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Cardiovascular benefits of sodium-glucose cotransporter 2 inhibitors in diabetic and nondiabetic patients

Abstract

Sodium-glucose cotransporter 2 inhibitors (SGLT2i) were developed as antidiabetic agents, but accumulating evidence has shown their beneficial effects on the cardiovascular system. Analyses of the EMPA-REG OUTCOME trial (Empagliflozin Cardiovascular Outcome Event Trial in Type 2 Diabetes Mellitus Patients) suggested that these benefits are independent of glycemic control. Several large-scale outcome trials of SGLT2i also showed cardiovascular benefits in nondiabetic patients, strengthening this perspective. Extensive animal and clinical studies have likewise shown that mechanisms other than the antihyperglycemic effect underlie the cardiovascular benefits. Recent clinical guidelines recommend the use of SGLT2i in patients with type 2 diabetes mellitus and cardiovascular diseases because of the proven cardiovascular protective effects. Since the cardiovascular benefits are independent of glycemic control, the therapeutic spectrum of SGLT2i will likely be extended to nondiabetic patients.

Introduction

Sodium-glucose cotransporter 2 inhibitors (SGLT2i) are antidiabetic drugs that lower blood glucose levels in patients with type 2 diabetes mellitus (T2DM). SGLT2i decrease renal glucose reabsorption by blocking SGLT2 and thus enhance the urinary excretion of glucose [1]. Their mechanism of action differs from those of traditional antihyperglycemic interventions, which attenuate insulin sensitivity, preserve β-cell function, or increase tissue glucose uptake.

The concept of SGLTs was first proposed in the 1960s [2] and, during the ensuing decades, six SGLT subtypes, of which SGLT1 and SGLT2 are the most important, were discovered in the human body. SGLT1, which has high affinity and low transport capacity for glucose, is present in the intestine, kidney, heart, prostate, trachea, brain, and skeletal muscle whereas SGLT2, which has low affinity and high transport capacity for glucose, is located almost exclusively in the epithelium of the proximal tubular segment [3,4,5]. In healthy individuals, almost all filtered glucose (approximately 160–180 g per day) undergoes tubular reabsorption [6]; most (> 90%) is reabsorbed by SGLT2 in the proximal tubule and the remainder (< 10%) is reabsorbed by SGLT1 in more distal segments of the proximal tubule [4, 5, 7]. However, because of a compensatory increase in SGLT1-mediated transport [8], or other latent factors, complete pharmacological blockade of SGLT2 only leads to urinary excretion of 50–80 g of glucose per day (i.e., SGLT2i block < 50% of renal glucose reabsorption) in healthy individuals [4] and this level of SGLT2i-mediated glycosuria does not increase even in those with diabetes mellitus [9, 10].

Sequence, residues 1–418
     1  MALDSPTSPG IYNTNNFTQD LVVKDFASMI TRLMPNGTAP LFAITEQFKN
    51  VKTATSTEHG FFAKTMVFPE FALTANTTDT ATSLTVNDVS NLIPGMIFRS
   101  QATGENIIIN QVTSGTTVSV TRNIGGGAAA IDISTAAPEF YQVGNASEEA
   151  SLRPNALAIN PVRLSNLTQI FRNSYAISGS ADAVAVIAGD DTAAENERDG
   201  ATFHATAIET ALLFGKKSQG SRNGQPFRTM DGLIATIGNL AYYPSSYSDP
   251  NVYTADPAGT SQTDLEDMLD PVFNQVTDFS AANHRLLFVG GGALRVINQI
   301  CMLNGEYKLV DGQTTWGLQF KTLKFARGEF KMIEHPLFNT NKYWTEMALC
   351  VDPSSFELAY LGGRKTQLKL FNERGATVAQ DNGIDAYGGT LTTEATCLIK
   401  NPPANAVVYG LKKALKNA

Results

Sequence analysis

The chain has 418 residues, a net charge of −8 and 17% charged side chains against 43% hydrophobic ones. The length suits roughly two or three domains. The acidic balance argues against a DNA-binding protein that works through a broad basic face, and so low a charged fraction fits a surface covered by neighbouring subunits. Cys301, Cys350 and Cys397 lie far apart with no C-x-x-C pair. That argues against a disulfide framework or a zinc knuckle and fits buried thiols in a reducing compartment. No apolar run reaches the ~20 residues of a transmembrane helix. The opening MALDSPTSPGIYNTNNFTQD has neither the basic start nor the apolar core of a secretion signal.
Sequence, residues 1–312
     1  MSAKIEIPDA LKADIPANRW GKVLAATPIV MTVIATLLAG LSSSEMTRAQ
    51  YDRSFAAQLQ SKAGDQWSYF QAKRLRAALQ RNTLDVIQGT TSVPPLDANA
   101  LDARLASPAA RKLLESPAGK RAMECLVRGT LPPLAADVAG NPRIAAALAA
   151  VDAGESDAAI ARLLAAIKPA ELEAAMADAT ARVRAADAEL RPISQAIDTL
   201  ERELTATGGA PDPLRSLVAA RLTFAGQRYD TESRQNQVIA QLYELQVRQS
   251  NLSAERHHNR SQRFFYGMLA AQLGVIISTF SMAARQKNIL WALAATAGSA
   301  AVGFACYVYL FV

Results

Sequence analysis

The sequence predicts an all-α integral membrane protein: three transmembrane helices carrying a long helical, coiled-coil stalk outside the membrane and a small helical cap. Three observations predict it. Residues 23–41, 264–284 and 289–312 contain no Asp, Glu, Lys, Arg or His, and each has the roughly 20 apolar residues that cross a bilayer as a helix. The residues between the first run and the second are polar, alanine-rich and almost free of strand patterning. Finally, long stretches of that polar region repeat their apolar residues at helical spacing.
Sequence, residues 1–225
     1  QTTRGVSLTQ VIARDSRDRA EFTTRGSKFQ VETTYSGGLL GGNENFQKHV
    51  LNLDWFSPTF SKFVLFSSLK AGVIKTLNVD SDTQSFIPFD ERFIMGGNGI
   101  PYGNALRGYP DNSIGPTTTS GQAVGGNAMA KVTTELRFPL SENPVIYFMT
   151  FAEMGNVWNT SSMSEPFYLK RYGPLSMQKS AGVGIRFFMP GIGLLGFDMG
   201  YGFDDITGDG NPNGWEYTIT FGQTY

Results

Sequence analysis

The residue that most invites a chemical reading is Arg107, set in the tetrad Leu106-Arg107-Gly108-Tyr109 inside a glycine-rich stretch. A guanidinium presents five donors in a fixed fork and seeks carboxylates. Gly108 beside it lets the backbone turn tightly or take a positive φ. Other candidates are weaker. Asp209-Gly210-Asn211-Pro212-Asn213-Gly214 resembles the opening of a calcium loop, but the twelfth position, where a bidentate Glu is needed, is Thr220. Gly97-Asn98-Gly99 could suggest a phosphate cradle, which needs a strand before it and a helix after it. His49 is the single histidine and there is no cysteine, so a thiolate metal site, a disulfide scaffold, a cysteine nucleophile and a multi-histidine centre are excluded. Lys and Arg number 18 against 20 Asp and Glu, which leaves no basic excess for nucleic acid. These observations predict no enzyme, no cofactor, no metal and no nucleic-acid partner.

In addition to improving glycemic control, a growing body of clinical evidence has shown that SGLT2i provide remarkable cardiovascular benefits, most notably a reduced risk of hospitalization for heart failure (HF). These benefits occur rapidly and persist throughout treatment, which is inconsistent with the slow effect of glycemic control on the cardiovascular system [11, 12]. In the EMPA-REG OUTCOME trial (Empagliflozin Cardiovascular Outcome Event Trial in Type 2 Diabetes Mellitus Patients), which included individuals with T2DM and cardiovascular diseases (CVD), only a modest correlation was observed between changes in HbA1c (glycosylated hemoglobin) and amelioration of cardiovascular outcomes, suggesting that the cardiovascular benefits of empagliflozin might be independent of its antihyperglycemic effect [13, 14]. Recently, several large-scale randomized controlled trials of SGLT2i have likewise demonstrated cardiorenal benefits in nondiabetic patients [15,16,17].

In this review, we focus mainly on the cardiovascular benefits of SGLT2i, the underlying mechanisms, and prospects for clinical application.

Cardiovascular benefits of SGLT2i

Currently, four SGLT2i (empagliflozin, dapagliflozin, canagliflozin, and ertugliflozin) are licensed by the European Medicines Agency (EMA) and the US Food and Drug Administration (FDA). Several other SGLT2i (e.g., sotagliflozin, remogliflozin, ipragliflozin, and tofogliflozin) have progressed to marketing approval in different regions. Table 1 lists nine large-scale cardiorenal outcome trials of SGLT2i published in the last five years, showing the baseline characteristics of individuals enrolled, interventions, and cardiovascular outcomes.

Table 1 Large-scale randomized controlled trials of SGLT2i

Across the whole patient population (including individuals without T2DM), these randomized controlled trials all demonstrated the cardiovascular benefits of SGLT2i, most notably a remarkable reduction in the risk of hospitalization for HF (Fig. 1), and indicated the involvement of mechanisms other than glycemic control. In addition to improved prognosis, quality of life also improved in patients with HF and reduced ejection fraction (HFrEF), as indicated by improved Kansas City Cardiomyopathy Questionnaire (KCCQ) scores.

Fig. 1
figure1

SGLT2i reduce the risk of hospitalization for heart failure in large randomized controlled trials. With SGLT2i therapy, the reduction in risk of hospitalization for heart failure was consistent and significant across different patients. CI, confidence interval; NA, not available

Empagliflozin